But that’s not enough. We need more ripoff characters. Okay, throw in the “got tiresome ten years ago” bratty-snotty girl who makes fun of Betty. Throw in the CRAAAAA-AAAAZY parents, and make sure they’re off-the-wall unrelatable! And let’s make all the superheroes and villains animals, because animals are so gosh darn cute and funny. Don’t forget to sprinkle in the “is he or isn’t he?” romantic interest. Aha! Now we’re getting somewhere! It’s no place special, but it feels really familiar!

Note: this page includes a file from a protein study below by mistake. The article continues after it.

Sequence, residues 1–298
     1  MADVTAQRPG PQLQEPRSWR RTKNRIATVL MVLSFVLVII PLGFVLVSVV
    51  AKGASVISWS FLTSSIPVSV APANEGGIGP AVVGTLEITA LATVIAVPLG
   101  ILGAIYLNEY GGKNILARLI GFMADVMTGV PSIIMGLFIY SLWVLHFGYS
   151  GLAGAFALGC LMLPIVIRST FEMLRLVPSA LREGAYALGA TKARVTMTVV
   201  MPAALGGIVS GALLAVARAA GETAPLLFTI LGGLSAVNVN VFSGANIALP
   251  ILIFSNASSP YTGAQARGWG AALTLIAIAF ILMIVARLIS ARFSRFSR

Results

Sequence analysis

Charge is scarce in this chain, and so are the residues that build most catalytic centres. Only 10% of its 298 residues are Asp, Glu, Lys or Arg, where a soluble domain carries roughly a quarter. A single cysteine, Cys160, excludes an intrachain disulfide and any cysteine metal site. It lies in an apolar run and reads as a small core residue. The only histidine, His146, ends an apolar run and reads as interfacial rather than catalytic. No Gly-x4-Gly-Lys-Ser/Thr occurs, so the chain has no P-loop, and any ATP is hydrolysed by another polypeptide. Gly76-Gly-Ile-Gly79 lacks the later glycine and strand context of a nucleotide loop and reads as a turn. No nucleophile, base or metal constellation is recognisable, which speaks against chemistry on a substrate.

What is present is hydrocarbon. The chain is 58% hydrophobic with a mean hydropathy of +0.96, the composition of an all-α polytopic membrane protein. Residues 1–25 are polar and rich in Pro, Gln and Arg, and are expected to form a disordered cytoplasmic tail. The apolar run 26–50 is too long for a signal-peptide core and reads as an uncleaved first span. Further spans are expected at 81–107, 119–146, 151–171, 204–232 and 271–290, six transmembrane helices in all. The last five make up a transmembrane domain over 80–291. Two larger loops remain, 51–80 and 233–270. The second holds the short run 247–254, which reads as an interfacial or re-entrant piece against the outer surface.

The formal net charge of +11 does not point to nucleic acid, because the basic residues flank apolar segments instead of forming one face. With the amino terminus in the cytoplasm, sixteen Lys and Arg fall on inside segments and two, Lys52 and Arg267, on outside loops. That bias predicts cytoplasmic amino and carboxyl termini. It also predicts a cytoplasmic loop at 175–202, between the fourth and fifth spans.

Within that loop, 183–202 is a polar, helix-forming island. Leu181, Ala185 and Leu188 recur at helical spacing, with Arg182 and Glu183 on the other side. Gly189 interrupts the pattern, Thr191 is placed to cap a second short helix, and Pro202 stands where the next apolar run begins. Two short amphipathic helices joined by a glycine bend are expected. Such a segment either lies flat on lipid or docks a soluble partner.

So every episode is exactly the same. Betty stars in a plot borrowed from some other TV show, fights the extremely done-before anthropomorphic cat archnemesis, and finds some solution to her personal problem through “action,” “teamwork,” “friendship,” or some other word used to sell merchandise. Some of these plots spoon up gunk from the bottom of the barrel of Saturday morning clichés—yeah, “bottom of the barrel” is a cliché too; you see what this show has done to me?!—such as the “bad hair on Picture Day” story, the “pet animal gets hilariously involved with mission” story, or the “fight evil by singing pop music in a most obnoxious and untalented way” story. I just do not understand the fascination animation studios feel for episodes that end with characters singing while the other characters dance along or cry to it. (Sorry, Batman.)